Malcolm's Story

Ahead of Hospice Care Week, we caught up with Incare patient, Malcolm and his wife, Lyn. In keeping with the theme ‘I heart my Hospice’ we asked Malcolm why he loves The Prince of Wales Hospice, he said; “Everything and everyone is fantastic.” Find out more about Malcolm’s story below.
When we were introduced to Malcolm and his wife Lyn, we couldn’t help but ask how long they’d been married, a whopping 48 years! After having a number of strokes, Malcolm struggles to communicate, so his wife helped him to tell his story. It was amazing to see that Lyn knew exactly what Malcolm wanted to say with only a few words from Malcolm and bits jotted down on paper.

Malcolm was keen to tell us how much he used to love playing Rugby and that he had worked in sports centres all his life, his wife described him as a keep fit fanatic, and Malcolm enthusiastically agreed. 

Malcolm has had a total of three strokes, he had his first stroke in 1993 and his last was in 2011. Malcolm is also prone to chest infections, his wife told us that when he developed a chest infection three years ago, it was really bad and they couldn’t get it under control so he ended up in Dewsbury hospital.  Whilst they were doing x-rays they found out that Malcolm had prostate cancer. 

When Malcolm was diagnosed, they found that the prostate cancer had spread into his back and spine and up to his left shoulder. Lyn told us they were limited to what they could do because of Malcolm’s other medical problems, so they couldn’t operate to try and rectify it. 

In recent weeks, Malcolm’s condition has deteriorated and he was admitted to Pinderfield’s hospital after he couldn’t clear what was thought to be a chest infection. 

Malcolm spent just over a week in Pinderfield’s hospital and then he was offered a bed  in the Hospice.    

When asked what their reaction was when they were told there was a bed at the Hospice, Lynsaid; “We were pleased, at Wakefield Hospice we’d called in a couple of times when they have the Day Therapy, so we knew they do more than what everyone thinks, so we were quite happy to come here”.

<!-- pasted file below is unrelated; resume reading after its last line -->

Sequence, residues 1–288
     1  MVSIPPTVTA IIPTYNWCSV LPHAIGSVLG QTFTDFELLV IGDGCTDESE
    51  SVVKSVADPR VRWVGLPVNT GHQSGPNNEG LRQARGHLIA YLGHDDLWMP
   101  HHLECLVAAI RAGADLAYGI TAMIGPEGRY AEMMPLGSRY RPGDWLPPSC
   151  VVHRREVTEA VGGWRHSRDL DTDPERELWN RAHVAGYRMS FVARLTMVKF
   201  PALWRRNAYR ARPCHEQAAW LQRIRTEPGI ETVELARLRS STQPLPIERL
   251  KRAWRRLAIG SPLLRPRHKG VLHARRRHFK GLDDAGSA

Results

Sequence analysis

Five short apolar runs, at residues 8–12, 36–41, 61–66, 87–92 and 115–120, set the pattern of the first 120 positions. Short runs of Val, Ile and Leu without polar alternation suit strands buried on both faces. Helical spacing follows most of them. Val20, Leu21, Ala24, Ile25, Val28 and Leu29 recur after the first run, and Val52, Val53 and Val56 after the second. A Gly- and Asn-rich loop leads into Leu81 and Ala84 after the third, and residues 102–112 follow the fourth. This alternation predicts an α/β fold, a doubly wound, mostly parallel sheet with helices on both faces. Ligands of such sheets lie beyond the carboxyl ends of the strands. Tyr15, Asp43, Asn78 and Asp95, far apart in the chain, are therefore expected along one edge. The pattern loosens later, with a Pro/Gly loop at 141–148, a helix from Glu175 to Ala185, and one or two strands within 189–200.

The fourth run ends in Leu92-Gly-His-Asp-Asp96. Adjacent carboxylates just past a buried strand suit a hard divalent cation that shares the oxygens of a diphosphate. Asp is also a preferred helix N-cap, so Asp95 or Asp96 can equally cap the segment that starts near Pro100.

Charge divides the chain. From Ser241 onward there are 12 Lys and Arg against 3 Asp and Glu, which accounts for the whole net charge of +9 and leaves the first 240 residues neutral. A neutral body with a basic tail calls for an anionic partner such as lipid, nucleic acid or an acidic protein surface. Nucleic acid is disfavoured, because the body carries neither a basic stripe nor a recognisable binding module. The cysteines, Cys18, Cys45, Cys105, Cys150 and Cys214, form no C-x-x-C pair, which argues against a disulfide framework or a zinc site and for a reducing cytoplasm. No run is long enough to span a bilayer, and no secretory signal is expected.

“Most people think you come to the Hospice and you don’t come home again, but because we had done a couple of drop in days we understood more about it, and we knew that he would get better treatment here, no disrespect to Pinderfield’s but it’s more intense here, they’ve got more time and it’s better treatment.”

Lyn told us that the Hospice is working on getting Malcolm’s pain under control for his back; he’s also been having physiotherapy to help loosen fluid on his chest.  

Lyn  explained that when Malcolm moves in a certain way he occasionally struggles for air. He’s now on oxygen at the Hospice, something that has never been offered to him before. This has made Malcolm much more comfortable.

Malcolm lit up when Lyn told us about the hydrotherapy bath he had in the Hospice that day. He really enjoyed the relaxing soak in the tub, something he’s not been able to do in years.

As we said our goodbyes, so Malcolm could have his delicious homemade soup which our catering team had just brought in Lyn said; “Malcolm says it’s like a hotel and he’s right, and nothings too much trouble. They are just so switched on here, they’re so good.” 

 
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